A: Dallas knew exactly what it was doing, and it didn't feel Adams or Hamlin were worth the price it would have cost to keep them. So far, the Cowboys look correct -- nobody has signed either player, so what does that tell you? The younger players that Dallas is counting on are going to have to step up, but it's not as if Adams and Hamlin were playing at some irreplaceable level. It can be done -- and the Cowboys think it will be done. As for Wade's future, it's tough enough to predict a coach's future in January, no less June.
Q: How do you think Alex Smith will fare this year? I believe he will excel, as I watched him carefully at Utah! I don't believe he ever got the same staff to help him develop. Urban Meyer always said, "Once Alex gets a system down, watch out!" I believe he has the system down as of this year!
-- Bruce Croxall (St. George, Utah)
A: Bruce, what's interesting is that, earlier in his career, Smith seemed about ready to take off. Then his growth stunted. And it did seem to have something to do with the constant change of offensive coordinators. Clearly you're not the only one who believes in him. The San Francisco 49ers had the chance to pursue Donovan McNabb and Jimmy Clausen and never wavered. They were committed to Smith all along, which is the biggest statement anyone can make. They think he can get the job done. If he doesn't, they won't be so patient next offseason.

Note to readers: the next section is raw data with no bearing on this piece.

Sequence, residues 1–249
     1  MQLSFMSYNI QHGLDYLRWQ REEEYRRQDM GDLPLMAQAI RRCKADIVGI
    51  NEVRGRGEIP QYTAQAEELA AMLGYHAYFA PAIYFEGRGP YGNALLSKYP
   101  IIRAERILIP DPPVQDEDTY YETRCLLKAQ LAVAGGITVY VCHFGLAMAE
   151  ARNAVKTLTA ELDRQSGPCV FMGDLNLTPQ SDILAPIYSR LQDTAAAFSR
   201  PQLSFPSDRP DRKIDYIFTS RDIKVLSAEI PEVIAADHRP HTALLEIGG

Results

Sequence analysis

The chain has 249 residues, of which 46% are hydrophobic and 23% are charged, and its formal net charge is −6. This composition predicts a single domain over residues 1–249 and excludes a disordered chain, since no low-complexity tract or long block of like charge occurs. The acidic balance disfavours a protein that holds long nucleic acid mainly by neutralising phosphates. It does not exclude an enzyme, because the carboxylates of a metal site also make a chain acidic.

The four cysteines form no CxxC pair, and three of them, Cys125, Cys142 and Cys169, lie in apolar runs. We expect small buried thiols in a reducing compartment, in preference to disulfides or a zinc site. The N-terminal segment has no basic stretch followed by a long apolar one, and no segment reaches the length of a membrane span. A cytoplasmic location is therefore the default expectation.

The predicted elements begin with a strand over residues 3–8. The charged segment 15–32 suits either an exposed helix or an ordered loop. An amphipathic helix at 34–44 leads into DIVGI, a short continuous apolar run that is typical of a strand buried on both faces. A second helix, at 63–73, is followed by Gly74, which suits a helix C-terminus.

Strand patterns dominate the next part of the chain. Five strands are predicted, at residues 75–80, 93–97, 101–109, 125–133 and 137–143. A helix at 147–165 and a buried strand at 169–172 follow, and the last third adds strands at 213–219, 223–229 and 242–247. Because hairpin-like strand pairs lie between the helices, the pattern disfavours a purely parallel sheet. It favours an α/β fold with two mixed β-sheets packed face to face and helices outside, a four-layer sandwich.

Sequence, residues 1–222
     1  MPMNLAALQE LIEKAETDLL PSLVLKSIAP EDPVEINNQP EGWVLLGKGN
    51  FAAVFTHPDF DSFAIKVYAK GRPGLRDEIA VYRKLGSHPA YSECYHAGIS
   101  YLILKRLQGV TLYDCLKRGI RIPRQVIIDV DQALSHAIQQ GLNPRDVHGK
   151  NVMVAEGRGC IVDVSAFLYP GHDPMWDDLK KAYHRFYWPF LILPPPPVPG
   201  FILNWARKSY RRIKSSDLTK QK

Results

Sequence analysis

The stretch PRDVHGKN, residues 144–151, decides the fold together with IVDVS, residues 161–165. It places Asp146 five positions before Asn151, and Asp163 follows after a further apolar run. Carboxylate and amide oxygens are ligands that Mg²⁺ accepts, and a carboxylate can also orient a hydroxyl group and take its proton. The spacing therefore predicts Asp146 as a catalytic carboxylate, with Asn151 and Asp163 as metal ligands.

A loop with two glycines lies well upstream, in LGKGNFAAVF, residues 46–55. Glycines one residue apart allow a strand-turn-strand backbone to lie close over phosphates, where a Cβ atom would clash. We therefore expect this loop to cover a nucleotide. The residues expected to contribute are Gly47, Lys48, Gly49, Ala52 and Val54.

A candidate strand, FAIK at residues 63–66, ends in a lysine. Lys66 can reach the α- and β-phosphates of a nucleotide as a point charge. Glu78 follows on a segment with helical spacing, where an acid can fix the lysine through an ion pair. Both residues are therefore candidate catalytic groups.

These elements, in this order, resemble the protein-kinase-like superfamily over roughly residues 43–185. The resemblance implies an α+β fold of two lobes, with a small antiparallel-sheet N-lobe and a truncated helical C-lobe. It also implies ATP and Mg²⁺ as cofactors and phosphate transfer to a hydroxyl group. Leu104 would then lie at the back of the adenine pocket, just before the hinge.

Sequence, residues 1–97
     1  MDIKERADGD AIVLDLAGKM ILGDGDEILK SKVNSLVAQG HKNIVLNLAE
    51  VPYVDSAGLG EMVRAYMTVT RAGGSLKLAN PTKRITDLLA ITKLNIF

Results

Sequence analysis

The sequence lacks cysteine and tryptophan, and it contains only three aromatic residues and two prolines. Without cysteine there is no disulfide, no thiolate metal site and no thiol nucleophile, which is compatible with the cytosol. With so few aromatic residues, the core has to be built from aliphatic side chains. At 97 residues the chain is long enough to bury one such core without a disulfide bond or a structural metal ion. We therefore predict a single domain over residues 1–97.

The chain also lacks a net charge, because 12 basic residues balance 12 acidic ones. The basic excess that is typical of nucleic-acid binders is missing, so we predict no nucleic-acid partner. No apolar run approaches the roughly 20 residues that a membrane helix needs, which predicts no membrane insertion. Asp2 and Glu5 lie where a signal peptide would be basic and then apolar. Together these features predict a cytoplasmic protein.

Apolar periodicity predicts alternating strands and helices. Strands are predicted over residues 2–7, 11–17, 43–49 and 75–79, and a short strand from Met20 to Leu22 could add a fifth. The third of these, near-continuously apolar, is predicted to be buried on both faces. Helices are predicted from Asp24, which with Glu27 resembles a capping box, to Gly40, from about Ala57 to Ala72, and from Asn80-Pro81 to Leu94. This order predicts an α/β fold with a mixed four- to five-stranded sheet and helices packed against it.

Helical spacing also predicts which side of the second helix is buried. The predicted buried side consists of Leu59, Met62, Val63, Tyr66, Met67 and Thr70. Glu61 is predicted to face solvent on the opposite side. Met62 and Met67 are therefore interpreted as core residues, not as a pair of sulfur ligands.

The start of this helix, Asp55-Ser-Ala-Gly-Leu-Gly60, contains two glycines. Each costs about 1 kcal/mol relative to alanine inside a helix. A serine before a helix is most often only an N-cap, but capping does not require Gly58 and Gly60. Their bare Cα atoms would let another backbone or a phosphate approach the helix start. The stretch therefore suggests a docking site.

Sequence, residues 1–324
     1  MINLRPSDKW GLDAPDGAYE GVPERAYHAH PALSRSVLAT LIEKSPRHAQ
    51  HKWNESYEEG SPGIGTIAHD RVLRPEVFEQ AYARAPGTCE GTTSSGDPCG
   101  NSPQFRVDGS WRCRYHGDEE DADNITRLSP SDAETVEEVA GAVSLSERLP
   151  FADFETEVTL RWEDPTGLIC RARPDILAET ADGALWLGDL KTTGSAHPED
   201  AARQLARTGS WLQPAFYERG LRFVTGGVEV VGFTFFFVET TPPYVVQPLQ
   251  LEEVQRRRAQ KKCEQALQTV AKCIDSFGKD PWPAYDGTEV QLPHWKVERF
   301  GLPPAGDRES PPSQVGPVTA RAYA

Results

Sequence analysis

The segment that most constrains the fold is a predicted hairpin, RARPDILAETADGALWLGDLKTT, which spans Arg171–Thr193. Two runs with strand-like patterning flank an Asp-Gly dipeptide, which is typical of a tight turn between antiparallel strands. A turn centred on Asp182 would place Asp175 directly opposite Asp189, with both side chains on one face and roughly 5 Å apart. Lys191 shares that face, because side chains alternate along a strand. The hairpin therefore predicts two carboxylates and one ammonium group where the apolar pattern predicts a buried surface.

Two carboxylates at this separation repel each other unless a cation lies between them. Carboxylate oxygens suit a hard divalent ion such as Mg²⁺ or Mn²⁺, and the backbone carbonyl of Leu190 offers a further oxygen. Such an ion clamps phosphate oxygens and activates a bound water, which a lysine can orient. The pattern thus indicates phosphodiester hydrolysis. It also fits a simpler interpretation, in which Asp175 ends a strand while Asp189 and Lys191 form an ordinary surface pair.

Q: There is already talk of coaches being on the hot seat, and Josh McDaniels' name has been thrown around as one of them. However, if you listen to Pat Bowlen and Joe Ellis, they seem to think they have a gem of a coach in McDaniels, and the drafting of Tim Tebow only adds to the fact that McDaniels will get at least get three years for sure, but more like 4-5 years to prove he was a good hire. Your thoughts?
-- Willie (Windsor, Colo.)
A: Willie, my thoughts, which Bowlen and Ellis are aware of, is that McDaniels is going to be a star head coach. Sometimes coaches go through growing periods -- look at Mike Shanahan in Oakland and Bill Belichick in Cleveland. And that's not to say that McDaniels won't succeed in Denver. But sometimes it takes a little time for young coaches to make their mark. Bowlen and Ellis know how skilled McDaniels is. They know how much it means to be patient in this league. And they're standing by their man -- can't blame them, as much as some Broncos fans want to.